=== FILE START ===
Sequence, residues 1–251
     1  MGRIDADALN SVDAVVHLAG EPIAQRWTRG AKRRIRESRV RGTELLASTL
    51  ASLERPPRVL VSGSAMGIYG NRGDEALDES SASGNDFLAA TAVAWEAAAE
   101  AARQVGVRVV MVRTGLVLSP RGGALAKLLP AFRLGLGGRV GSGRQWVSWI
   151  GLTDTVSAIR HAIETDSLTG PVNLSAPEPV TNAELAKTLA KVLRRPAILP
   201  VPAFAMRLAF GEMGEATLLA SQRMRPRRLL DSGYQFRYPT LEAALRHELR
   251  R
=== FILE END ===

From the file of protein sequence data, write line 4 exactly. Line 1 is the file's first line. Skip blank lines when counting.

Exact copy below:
   101  AARQVGVRVV MVRTGLVLSP RGGALAKLLP AFRLGLGGRV GSGRQWVSWI